President Trump denied the death toll of nearly 3,000 from Hurricanes Maria and Irma, which swept across Puerto Rico a year ago, in a series of tweets Thursday morning.
“3000 people did not die in the two hurricanes that hit Puerto Rico,” he tweeted. “When I left the island, AFTER the storm had hit, they had anywhere from 6 to 18 deaths.”
Trump then blamed Democrats for the figures, “to make me look as bad as possible.”
A study conducted by The Milken Institute School of Public Health at George Washington University determined the death toll at 2,975, a figure accepted by Puerto Rico Gov. Ricardo Rosselló, and far beyond the previous official count of 64.
…..This was done by the Democrats in order to make me look as bad as possible when I was successfully raising Billions of Dollars to help rebuild Puerto Rico. If a person died for any reason, like old age, just add them onto the list. Bad politics. I love Puerto Rico!— Donald J. Trump (@realDonaldTrump) September 13, 2018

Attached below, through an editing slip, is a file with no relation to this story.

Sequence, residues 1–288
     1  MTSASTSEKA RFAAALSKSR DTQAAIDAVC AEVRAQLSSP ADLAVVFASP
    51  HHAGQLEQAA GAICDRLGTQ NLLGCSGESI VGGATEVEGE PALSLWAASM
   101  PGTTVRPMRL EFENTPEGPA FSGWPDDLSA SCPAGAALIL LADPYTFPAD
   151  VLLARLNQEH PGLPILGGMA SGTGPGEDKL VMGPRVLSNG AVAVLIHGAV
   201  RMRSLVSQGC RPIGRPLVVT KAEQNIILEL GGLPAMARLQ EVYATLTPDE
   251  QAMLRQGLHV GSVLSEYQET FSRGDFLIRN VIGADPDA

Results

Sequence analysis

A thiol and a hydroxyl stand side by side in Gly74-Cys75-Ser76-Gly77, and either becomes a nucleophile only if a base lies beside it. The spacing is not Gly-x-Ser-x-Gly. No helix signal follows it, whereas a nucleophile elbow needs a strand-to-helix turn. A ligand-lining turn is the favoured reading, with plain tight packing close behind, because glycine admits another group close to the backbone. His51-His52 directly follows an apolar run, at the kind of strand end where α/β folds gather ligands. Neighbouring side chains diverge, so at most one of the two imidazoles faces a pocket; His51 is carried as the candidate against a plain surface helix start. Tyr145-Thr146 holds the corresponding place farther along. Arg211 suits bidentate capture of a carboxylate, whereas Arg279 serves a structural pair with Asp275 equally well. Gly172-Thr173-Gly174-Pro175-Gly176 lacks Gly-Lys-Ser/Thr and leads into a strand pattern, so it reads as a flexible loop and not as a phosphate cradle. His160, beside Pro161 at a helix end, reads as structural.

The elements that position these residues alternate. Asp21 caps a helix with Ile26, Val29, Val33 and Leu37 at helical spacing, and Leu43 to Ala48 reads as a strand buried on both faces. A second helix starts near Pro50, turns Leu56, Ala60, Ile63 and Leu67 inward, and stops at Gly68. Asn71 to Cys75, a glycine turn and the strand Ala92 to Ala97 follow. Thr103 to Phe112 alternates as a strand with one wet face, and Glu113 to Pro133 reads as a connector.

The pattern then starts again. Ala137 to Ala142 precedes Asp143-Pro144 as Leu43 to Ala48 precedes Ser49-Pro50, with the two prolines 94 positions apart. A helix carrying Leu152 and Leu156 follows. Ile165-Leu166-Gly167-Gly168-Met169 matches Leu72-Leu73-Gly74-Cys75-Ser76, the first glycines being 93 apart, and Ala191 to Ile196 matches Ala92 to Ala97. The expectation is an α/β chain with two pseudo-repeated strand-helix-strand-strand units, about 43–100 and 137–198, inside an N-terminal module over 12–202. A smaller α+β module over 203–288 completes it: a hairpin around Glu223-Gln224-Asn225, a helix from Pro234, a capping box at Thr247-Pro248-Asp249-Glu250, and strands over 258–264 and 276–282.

The President’s tweets came as the government prepares for Hurricane Florence’s impact on the Carolinas, and set off a storm of criticism in Twitter. Chef José Andrés, whose charity fed thousands on the island in the aftermath of the storm, said Trump is “the face of no shame.”
Another Trump critic, and a target of his tweets, San Juan Mayor Carmen Ulin Cruz tweeted, “Trump is so vain he thinks this is about him.”
On Tuesday, Trump claimed his administration’s efforts in Puerto Rico were “an unsung success,” despite criticism that the federal response to the storms was slow. Some homes only had their power restored this month, a year after the hurricane.